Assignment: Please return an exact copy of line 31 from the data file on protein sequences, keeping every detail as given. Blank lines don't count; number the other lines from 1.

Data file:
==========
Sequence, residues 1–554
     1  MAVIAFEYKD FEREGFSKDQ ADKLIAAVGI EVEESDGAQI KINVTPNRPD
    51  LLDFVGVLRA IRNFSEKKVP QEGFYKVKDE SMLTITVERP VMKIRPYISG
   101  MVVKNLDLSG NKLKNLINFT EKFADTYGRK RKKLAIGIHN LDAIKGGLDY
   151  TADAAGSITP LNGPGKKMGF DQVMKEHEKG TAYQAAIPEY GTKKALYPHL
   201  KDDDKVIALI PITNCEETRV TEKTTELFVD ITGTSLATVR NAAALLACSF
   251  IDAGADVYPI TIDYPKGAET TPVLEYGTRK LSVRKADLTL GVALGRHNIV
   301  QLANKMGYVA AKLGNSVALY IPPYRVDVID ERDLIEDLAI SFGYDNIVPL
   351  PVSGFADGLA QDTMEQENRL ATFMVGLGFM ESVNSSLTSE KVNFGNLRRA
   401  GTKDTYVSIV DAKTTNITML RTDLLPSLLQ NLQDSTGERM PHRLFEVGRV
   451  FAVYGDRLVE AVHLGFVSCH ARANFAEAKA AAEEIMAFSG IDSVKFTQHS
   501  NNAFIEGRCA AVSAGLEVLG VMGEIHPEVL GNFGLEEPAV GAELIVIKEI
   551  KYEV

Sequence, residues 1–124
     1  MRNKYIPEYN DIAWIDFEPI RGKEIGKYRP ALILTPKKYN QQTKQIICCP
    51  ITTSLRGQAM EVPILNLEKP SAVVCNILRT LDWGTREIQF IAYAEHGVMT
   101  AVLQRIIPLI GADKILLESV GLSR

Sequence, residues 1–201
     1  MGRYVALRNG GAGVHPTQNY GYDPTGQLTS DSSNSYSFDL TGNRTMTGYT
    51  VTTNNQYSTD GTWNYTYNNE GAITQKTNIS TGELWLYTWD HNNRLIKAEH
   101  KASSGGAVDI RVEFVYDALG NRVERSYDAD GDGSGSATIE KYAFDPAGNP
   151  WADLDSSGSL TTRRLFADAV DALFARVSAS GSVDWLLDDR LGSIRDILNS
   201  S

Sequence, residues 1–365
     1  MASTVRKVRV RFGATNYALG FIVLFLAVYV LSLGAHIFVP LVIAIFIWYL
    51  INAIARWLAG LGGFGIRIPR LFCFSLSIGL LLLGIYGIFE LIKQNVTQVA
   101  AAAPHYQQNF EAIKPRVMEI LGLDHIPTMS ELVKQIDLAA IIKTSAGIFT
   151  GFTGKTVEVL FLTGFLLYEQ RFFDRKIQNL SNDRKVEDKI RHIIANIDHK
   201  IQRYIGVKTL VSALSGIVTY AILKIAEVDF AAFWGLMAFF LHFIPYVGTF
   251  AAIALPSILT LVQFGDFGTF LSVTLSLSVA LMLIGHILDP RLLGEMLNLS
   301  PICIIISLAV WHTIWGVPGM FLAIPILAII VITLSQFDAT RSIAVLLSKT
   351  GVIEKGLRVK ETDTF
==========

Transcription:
   301  PICIIISLAV WHTIWGVPGM FLAIPILAII VITLSQFDAT RSIAVLLSKT